In early October, we announced our plans for corporate restructuring. The restructuring was done in order to reduce our level of involvement in biosimilar development and focus more of our resources to advance what has become a very attractive pipeline of novel drug candidates targeted at immune-mediated disorders. Since the announcement, we have taken steps to reduce our workforce by approximately 50%. Our top priority has been to ensure a smooth transition for those departing the Company as well as for those continuing on with Momenta.

We are now well under way in the considerable efforts needed to relaunch the Company after such an expensive reduction in force. We're now putting the processes in place to focus the Company and function on a linear scale going forward. I want to thank the Momenta team for all the hard work over the past few weeks, it has been a very difficult transition.

Looking forward, we have an exciting portfolio to develop, and I'll start with news on our two remaining biosimilar programs. First, M923, our wholly owned biosimilar to HUMIRA. Yesterday, we announced that we reached a global settlement with AbbVie on the HUMIRA (inaudible). We have a US launch date in November of 2023 and have the ability to launch in the EU as soon as we are approved. This settlement paves the way for our US filing, which will happen this quarter. In addition, we plan to file in the EU in the first half of next year and could be on the market in Europe as early as 2020.

We have initiated discussions with potential commercialization partners for this product candidate. And we believe, our settlements and filings will help us to find the ideal global partner for M923. We're excited about the potential launch of this product. However, there are significant manufacturing expenses ahead to enable us to market this product candidate. And we believe bringing a commercial partner on board in the near-term could meaningfully reduce our share of these expenses. While we are continuing our biosimilar collaboration with Mylan, we only plan to continue investment in M710, our proposed biosimilar to EYLEA.

Mylan is currently enrolling patients in the Phase 3 study for this product and we believe it can launch in the US as early as 2023. We are currently in the lead developing this asset and feel M710 could bring in significant revenue to support our expanding novel drug pipeline. We look forward to keeping you updated as this trial progresses. There are ongoing discussions with Mylan to exit our participation in the further development of the other five programs that were part of the original collaboration agreement, including M834, a proposed biosimilar to ORENCIA.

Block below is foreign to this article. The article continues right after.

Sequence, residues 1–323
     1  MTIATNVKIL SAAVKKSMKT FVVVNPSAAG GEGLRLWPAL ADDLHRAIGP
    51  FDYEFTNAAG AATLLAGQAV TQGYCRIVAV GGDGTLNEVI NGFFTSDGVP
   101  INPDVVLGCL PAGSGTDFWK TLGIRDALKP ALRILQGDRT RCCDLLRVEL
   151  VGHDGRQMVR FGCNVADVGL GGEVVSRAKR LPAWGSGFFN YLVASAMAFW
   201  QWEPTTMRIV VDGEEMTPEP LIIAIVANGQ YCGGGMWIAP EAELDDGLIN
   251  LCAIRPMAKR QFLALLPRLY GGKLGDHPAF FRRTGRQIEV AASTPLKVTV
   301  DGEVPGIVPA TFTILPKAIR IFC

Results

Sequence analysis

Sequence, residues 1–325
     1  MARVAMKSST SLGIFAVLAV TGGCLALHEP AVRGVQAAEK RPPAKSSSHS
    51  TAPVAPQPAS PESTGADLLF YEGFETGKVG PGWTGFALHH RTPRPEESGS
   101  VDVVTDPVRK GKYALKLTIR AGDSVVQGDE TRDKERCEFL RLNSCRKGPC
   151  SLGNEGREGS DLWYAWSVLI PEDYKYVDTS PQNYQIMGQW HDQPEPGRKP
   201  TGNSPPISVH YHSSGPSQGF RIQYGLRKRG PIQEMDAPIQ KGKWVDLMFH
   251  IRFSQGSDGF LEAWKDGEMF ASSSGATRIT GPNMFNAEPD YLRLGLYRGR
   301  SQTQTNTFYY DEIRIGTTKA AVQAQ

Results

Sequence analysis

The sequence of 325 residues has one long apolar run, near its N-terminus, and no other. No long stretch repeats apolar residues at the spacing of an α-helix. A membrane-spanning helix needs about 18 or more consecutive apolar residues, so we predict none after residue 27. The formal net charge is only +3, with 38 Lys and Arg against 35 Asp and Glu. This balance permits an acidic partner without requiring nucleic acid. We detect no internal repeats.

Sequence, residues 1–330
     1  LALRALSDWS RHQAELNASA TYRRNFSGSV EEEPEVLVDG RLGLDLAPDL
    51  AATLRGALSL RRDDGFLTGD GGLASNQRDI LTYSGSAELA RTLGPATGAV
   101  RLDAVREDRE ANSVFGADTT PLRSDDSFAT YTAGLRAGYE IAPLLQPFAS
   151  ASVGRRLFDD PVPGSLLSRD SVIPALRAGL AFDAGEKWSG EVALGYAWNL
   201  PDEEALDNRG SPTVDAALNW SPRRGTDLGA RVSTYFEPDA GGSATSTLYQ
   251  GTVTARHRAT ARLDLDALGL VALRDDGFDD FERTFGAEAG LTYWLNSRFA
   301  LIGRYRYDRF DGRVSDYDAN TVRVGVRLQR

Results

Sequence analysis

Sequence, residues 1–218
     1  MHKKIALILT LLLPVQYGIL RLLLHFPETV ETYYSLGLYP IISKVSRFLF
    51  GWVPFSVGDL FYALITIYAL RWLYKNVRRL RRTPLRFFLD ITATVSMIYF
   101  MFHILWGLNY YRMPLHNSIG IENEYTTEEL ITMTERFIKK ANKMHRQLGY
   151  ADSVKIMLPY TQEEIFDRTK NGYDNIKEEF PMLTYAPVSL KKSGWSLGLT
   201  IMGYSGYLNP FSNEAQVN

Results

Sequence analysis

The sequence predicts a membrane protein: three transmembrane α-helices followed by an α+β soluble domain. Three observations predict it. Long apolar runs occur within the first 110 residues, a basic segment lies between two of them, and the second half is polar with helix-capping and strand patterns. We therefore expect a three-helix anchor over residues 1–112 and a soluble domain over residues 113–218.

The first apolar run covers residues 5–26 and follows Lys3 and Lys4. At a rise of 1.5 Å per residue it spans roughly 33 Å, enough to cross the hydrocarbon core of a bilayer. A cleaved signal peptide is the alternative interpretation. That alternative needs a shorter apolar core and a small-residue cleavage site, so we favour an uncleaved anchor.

Now, onto our promising autoimmune novel drug pipeline. We were very excited to give you a closer look at these programs at our recent R&D Day in New York City. I'll start with M281, our promising FcRn program. To begin, I'll provide some perspectives on our full Phase 1 dataset, which we presented at R&D Day. The Phase 1 data clearly demonstrate that M281 continues to exhibit best-in-class performance. The data show that M281 can achieve the highest level of IgG reduction and provide the most rapid reduction of IgG from baseline of any agent in the class.

On the safety front, no SAEs occurred and the total level of types of AEs in the study were similar for patients taking drug as for placebo across all single and multi-dose patients. The trial also demonstrated that M281 can achieve and safely maintain full receptor occupancy of the FcRn receptor. A characteristic critical for dosing in fetal maternal indications. The study gave us everything we needed to advance with confidence into multiple Phase 2 trials and the regulatory agencies agreed.

However, I do realize that some of the laboratory data we presented at R&D Day raised some questions for our investors. So I want to provide you with our perspectives on these issues and highlight why we and the regulators have not flagged these issues as a concern. I'll start with the CK elevation that we've seen in three subjects of the 15 -- in the 15 milligram per kilogram or low dose portion of the multiple ascending dose study. CK or Creatine Kinase is an important enzyme in cells that consume energy rapidly, for example, muscle cells.